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Infections in Norway - summary

Published


Infectious diseases

Many infectious diseases have declined globally. Higher standards of living and improved hygienic conditions are a major cause, as well as the use of vaccines. The introduction of the human papillomavirus (HPV) vaccine is likely to lead to a reduction in the number of cases of cervical cancer in the future.

Increased international travel and import of food is causing an increase in some infectious diseases in Norway. These include some foodborne infections and infections by antibiotic-resistant bacteria.

The number of new cases of sexually-transmitted infections has increased in recent years. This partly reflects the fact that too few people use condoms.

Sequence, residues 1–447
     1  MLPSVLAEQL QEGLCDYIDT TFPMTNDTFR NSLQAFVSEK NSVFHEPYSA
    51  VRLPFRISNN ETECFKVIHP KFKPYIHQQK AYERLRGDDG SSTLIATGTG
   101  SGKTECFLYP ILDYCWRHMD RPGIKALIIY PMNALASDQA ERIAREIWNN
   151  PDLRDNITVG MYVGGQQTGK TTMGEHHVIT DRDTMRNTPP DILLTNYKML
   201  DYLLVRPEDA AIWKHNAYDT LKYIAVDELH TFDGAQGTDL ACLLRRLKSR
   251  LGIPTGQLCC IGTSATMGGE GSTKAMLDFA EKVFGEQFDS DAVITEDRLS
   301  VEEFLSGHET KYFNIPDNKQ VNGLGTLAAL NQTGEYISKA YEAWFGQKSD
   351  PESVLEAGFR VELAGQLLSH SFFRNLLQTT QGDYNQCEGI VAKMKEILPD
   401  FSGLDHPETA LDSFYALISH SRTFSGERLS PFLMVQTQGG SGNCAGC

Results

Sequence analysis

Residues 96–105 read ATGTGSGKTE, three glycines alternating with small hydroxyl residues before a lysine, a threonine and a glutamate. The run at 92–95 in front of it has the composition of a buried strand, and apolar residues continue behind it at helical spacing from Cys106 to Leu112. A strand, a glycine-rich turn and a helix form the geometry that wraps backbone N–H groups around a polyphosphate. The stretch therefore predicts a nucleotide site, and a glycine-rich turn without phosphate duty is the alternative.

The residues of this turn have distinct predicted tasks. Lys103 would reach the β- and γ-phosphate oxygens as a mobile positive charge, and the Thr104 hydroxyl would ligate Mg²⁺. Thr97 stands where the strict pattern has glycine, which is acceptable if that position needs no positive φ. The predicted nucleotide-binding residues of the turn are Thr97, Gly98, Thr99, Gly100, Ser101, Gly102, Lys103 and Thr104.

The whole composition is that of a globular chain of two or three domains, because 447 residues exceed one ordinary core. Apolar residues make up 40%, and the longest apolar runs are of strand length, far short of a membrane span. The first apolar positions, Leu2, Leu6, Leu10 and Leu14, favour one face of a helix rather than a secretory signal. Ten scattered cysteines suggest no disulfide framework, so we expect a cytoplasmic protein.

In the future, new epidemics of influenza for which we do not have the vaccine today can be expected. Other epidemics with new viruses may occur. We must also be prepared for new viruses that cause illness in humans or existing viruses that spread to Norway. Therefore, good preparedness, both nationally and internationally, is vital for infectious diseases.

The drinking water pipe network in Norway is poorly maintained. The number of cases of food and waterborne diseases may increase if maintenance is not improved.